Facebook is working with special counsel Robert Mueller as he investigates Russian election meddling and any ties to the Trump campaign, Facebook co-founder and CEO Mark Zuckerberg said in testimony before a joint Senate panel Tuesday.
Zuckerberg, who is on Capitol Hill this week testifying about the data sharing scandal involving, was uncertain about the existence of subpoenas from Mueller's office. But he confirmed to members of the Senate Judiciary Committee and Senate Commerce, Science and Transportation Committee Tuesday that the social media giant he founded is indeed cooperating with Mueller.
The comments came in response to questions from Sen. Patrick Leahy, a top Democrat on the Senate Judiciary Committee.
Zuckerberg first confirmed Facebook has been served subpoenas from the special counsel's office, then later backtracked on that answer and said there "may be" a subpoena, but he does know his company is working with Mueller's team.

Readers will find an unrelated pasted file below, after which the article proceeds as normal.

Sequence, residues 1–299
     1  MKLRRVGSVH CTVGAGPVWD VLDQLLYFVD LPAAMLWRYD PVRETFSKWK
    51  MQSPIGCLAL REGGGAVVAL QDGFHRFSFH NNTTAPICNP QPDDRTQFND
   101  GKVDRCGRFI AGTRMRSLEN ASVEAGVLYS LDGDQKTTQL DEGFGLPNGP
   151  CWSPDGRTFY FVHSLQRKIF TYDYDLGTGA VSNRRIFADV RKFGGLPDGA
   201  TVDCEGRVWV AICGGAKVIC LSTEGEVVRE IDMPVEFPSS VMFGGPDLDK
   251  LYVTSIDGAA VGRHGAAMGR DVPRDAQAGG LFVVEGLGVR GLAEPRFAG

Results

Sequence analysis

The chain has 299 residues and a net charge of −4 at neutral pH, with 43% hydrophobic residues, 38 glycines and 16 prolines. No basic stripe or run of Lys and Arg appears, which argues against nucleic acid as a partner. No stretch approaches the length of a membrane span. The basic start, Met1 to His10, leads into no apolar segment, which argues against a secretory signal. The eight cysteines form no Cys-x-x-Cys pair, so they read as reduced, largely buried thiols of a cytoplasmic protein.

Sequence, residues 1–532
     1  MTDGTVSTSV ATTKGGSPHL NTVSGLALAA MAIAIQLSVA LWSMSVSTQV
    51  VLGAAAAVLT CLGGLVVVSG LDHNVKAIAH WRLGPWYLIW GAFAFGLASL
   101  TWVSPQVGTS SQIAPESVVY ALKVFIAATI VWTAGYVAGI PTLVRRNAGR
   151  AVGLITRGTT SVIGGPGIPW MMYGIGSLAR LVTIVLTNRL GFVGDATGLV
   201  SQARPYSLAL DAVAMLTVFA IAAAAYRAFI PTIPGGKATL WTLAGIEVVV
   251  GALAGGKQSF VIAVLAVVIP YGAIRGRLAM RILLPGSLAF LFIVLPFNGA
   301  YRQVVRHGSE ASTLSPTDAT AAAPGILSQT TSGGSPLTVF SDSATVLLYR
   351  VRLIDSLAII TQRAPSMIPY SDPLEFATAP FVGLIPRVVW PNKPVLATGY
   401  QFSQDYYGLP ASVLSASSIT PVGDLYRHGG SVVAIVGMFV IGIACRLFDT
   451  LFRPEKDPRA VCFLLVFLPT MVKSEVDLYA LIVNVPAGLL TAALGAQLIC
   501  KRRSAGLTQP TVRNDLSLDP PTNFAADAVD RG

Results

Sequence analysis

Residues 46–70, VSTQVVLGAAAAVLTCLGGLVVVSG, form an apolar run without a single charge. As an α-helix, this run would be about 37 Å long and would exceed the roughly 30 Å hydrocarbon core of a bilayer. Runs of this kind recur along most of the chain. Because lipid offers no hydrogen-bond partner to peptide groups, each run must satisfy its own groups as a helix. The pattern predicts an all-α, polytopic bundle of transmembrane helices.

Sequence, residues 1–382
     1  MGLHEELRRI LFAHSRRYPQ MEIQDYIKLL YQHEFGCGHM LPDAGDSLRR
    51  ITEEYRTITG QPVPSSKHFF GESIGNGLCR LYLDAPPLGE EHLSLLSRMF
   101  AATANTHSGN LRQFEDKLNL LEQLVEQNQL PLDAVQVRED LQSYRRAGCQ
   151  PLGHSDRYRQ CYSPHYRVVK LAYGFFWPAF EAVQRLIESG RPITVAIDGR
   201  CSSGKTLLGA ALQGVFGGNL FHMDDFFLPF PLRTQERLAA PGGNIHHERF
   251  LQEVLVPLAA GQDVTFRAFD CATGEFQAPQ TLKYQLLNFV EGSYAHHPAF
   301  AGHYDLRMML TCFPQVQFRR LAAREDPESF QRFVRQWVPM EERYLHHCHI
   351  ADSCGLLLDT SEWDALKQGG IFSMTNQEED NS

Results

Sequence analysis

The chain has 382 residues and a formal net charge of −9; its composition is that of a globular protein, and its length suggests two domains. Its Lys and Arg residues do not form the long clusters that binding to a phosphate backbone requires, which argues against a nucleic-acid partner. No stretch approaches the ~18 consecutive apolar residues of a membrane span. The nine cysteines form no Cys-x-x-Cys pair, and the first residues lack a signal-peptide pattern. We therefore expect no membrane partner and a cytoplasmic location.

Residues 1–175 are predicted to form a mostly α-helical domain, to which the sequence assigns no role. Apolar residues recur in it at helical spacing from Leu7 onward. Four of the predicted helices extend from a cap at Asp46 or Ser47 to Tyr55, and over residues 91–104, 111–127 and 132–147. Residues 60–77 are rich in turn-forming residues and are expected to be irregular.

Asked if anyone, himself included, had been contacted by Mueller's office, Zuckerberg again said, "yes." Zuckerberg said he himself has not been interviewed by investigators, but he believes others have been.
"I want to be careful because our work with the special counsel is confidential and I want to make sure in an open session I'm not releasing something that's confidential," Zuckerberg said, treading lightly on how to answer Leahy's line of questioning.
Facebook played a prominent role inof 13 Russians accused of interference surrounding the 2016 presidential election. The Russians are accused of using fake accounts, including on Facebook, to manipulate opinions.
This is a developing story and will be updated.
CBS News' Emily Tillett contributed to this report.
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